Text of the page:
Over the last year or so, agriculture in Brazil has been making the headlines for reasons other than the rate at which the Amazon basin is being cleared for crops.
Machinery manufacturers are becoming ever more alert to the idea that the country represents a huge market for the latest equipment and have been busy promoting their products to farmers there.
It is not hard to see why they are becoming so enthusiastic about the potential of growth in Brazil, it has around five million ‘farming operations’ working 867 million acres of cultivated ground.
This is a sizeable area, yet only 45,000 new tractors were sold in the country in 2021, one for every 19,000ac of farmland, whereas in Ireland there was one new tractor sold for every 5,700ac in 2022.
There is a much greater diversity of farming in Brazil with only 7% of the land devoted to row crops. Sugarcane is the major crop, while it is estimated that 182 million acres of cereals were sown this year.
A 2018 census concluded that 50% of farms were less than 25ac which would suggest that sub-50hp tractors are the big sellers, yet 44% of the tractors sold are are in the 50-100hp bracket, while at least another 20% are over 150hp.
Increase yield, not area
Given the pressure that is being brought to bear on the Brazilian government to curb the clearing of rainforest, there is the need to increase yields on the ground already cultivated, and this is where the greater use of machinery and the introduction of precision farming has a role to play.
New Holland is one company that is selling the idea of of digital aids as being a way forward and has highlighted its presence at the recent Agrishow in Brazil, billed as the largest agricultural show in South America.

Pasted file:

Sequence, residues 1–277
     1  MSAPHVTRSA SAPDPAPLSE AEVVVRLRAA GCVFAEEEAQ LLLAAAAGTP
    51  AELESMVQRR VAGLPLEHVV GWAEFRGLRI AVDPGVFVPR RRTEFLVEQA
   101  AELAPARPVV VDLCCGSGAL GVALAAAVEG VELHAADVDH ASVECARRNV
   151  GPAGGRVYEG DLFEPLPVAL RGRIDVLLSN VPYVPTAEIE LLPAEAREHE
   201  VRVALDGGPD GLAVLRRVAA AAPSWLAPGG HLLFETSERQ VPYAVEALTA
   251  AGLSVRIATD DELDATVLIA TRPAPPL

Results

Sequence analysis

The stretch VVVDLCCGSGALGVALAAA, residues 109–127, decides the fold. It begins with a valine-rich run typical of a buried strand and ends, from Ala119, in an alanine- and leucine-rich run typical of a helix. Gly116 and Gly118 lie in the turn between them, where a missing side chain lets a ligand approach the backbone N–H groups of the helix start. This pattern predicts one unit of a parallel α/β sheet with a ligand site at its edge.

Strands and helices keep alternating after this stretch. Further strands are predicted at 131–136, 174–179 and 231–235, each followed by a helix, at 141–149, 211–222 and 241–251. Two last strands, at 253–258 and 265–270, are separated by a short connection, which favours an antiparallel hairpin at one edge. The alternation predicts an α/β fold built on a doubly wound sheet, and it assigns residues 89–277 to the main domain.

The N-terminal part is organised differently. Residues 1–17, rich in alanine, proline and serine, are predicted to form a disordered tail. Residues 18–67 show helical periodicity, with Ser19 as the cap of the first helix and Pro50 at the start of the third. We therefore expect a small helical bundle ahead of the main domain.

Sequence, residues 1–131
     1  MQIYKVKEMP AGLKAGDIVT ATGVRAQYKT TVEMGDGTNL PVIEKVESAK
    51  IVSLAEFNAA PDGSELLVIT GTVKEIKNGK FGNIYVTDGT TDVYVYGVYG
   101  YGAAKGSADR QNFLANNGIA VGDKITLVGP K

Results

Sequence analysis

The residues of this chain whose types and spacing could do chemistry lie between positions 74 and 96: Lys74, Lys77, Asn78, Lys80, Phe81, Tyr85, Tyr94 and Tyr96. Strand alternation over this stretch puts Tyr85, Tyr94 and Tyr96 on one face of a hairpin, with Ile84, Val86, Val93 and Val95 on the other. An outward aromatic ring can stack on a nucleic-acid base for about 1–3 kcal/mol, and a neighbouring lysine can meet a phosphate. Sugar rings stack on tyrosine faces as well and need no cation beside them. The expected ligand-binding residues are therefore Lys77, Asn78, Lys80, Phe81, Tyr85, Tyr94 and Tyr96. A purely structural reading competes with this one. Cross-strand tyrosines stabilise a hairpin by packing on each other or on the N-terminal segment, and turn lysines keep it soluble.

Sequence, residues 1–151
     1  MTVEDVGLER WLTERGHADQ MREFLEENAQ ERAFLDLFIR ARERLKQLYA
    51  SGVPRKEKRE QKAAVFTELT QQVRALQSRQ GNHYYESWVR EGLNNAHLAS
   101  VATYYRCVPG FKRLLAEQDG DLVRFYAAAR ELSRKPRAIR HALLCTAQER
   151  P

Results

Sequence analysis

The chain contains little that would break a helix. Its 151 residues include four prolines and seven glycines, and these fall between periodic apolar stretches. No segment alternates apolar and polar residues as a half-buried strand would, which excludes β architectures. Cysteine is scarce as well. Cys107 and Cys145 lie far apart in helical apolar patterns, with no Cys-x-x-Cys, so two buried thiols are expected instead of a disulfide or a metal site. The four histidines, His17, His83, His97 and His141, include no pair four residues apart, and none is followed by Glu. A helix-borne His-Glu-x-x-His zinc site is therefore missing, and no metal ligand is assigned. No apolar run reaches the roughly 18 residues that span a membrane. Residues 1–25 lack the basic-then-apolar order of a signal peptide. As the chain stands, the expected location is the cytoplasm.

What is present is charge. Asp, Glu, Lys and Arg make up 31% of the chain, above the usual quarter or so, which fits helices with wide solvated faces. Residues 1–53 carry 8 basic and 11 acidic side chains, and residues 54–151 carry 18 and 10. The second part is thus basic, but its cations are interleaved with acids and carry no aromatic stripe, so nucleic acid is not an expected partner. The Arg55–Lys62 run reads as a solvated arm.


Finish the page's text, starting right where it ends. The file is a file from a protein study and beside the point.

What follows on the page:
At the show, it put on a full display of the sort of technology that we are seeing deployed here in Europe, including telemetry and yield sensing and the T6 compressed natural gas (CNG) tractor.
The opportunity was also taken to introduce a new tractor, the T4.75S which at 75hp, sits right in the middle of the most popular power bracket.
Agco in Brazil
It is not just New Holland which is keen to do more business in the country. Both John Deere and Fendt have identified South America as a growth market which last year enjoyed a 56% increase in sales over 2021, with Brazil being particularly active.
In September, Fendt’s largest agent in the country, the Vamos Group invested $20 million in new facilities at St. Pedro in Brazil’s mid-west. With a total area of 50,000ft², the new buildings are totally devoted to the sale and distribution of Fendt products.
Valtra, on the other hand, is probably rather bemused by all this sudden activity. As Valmet, it had constructed Brazil’s first tractor factory back in 1960 and has been a mainstay of the market ever since.
Source : Agriland